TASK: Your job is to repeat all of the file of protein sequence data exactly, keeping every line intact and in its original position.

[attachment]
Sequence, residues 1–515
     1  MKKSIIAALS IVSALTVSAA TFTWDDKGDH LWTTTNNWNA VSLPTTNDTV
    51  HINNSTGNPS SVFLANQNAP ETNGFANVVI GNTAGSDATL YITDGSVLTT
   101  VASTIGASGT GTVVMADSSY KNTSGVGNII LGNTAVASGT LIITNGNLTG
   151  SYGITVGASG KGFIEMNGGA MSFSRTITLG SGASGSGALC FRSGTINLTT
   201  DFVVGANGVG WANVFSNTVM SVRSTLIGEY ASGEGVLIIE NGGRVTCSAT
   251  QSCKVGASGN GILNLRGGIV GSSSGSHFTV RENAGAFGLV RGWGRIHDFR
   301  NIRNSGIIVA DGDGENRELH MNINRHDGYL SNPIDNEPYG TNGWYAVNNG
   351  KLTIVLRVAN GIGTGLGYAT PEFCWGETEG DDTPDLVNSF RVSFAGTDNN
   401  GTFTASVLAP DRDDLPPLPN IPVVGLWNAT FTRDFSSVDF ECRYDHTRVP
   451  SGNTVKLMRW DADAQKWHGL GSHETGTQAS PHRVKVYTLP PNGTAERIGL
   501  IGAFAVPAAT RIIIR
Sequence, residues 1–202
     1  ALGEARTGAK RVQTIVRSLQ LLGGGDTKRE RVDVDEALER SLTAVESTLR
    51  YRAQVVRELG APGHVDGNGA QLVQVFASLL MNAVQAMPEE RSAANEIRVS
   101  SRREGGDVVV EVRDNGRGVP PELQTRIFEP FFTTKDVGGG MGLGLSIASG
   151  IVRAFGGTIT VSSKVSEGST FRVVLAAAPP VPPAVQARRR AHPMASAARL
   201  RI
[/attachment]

Sequence, residues 1–515
     1  MKKSIIAALS IVSALTVSAA TFTWDDKGDH LWTTTNNWNA VSLPTTNDTV
    51  HINNSTGNPS SVFLANQNAP ETNGFANVVI GNTAGSDATL YITDGSVLTT
   101  VASTIGASGT GTVVMADSSY KNTSGVGNII LGNTAVASGT LIITNGNLTG
   151  SYGITVGASG KGFIEMNGGA MSFSRTITLG SGASGSGALC FRSGTINLTT
   201  DFVVGANGVG WANVFSNTVM SVRSTLIGEY ASGEGVLIIE NGGRVTCSAT
   251  QSCKVGASGN GILNLRGGIV GSSSGSHFTV RENAGAFGLV RGWGRIHDFR
   301  NIRNSGIIVA DGDGENRELH MNINRHDGYL SNPIDNEPYG TNGWYAVNNG
   351  KLTIVLRVAN GIGTGLGYAT PEFCWGETEG DDTPDLVNSF RVSFAGTDNN
   401  GTFTASVLAP DRDDLPPLPN IPVVGLWNAT FTRDFSSVDF ECRYDHTRVP
   451  SGNTVKLMRW DADAQKWHGL GSHETGTQAS PHRVKVYTLP PNGTAERIGL
   501  IGAFAVPAAT RIIIR
Sequence, residues 1–202
     1  ALGEARTGAK RVQTIVRSLQ LLGGGDTKRE RVDVDEALER SLTAVESTLR
    51  YRAQVVRELG APGHVDGNGA QLVQVFASLL MNAVQAMPEE RSAANEIRVS
   101  SRREGGDVVV EVRDNGRGVP PELQTRIFEP FFTTKDVGGG MGLGLSIASG
   151  IVRAFGGTIT VSSKVSEGST FRVVLAAAPP VPPAVQARRR AHPMASAARL
   201  RI